The findings indicate both similarities and differences between the China context of hotel firm internationalisation and that of Western firms. Theoretical implications are examined through an analysis of Dunning’s OLI (ownership, location, internalisation) framework. Generalisability of empirical findings may be limited by the China context and the unique combination of three firms.

Practical implications

The findings advance our understanding of the relationship between Chinese and Western practices, particularly in the approaches that firms take in internationalisation.

Originality/value

The story reported in this paper is about the first firm internationalisation endeavour in the mainland Chinese hotel industry. This is a landmark event for the international hospitality industry that will have historical significance, and represents the leading edge of mainland Chinese hotel firm cross-border expansion. This study contributes an early analysis of how the Chinese hotel sector may approach internationalisation.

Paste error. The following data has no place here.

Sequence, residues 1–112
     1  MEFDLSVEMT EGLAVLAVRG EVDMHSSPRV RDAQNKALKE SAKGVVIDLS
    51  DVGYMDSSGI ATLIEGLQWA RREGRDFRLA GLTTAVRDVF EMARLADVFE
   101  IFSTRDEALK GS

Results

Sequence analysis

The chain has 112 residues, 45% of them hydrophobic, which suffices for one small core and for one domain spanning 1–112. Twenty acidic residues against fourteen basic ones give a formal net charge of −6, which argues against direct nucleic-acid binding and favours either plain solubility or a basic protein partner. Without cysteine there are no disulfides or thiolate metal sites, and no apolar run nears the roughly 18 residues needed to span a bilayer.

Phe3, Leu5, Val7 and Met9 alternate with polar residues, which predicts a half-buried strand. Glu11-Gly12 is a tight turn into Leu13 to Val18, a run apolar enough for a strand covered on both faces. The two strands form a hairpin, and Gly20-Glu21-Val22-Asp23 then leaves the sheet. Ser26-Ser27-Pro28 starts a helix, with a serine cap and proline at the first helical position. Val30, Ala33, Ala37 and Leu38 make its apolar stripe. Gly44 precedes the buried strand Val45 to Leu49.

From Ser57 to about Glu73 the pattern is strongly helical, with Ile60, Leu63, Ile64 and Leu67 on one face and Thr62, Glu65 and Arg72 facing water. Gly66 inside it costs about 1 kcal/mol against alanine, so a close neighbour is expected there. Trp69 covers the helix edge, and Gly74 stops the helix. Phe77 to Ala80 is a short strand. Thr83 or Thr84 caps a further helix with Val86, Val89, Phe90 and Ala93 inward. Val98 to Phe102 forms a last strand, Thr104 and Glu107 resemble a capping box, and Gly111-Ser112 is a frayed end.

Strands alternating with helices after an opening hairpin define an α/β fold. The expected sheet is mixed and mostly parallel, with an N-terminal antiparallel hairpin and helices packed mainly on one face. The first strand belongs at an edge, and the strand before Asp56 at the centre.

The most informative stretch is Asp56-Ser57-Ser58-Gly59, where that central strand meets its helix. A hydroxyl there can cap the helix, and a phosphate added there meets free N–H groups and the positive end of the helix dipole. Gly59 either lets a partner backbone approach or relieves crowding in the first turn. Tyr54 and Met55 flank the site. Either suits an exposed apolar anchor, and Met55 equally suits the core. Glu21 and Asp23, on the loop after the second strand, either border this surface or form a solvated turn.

Details

International Journal of Contemporary Hospitality Management, vol. 29 no. 11
Type: Research Article
ISSN: 0959-6119

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Article
Publication date: 7 January 2021

Md Sadaqul Bari and Byoungho Ellie Jin

The purpose of this study is to identify the emergence of apparel brands in Bangladesh: their timing, order and the reasons behind the patterns. This study also examined…

Abstract

Purpose

The purpose of this study is to identify the emergence of apparel brands in Bangladesh: their timing, order and the reasons behind the patterns. This study also examined whether these evolution patterns followed the same path in Korea and India.

Design/methodology/approach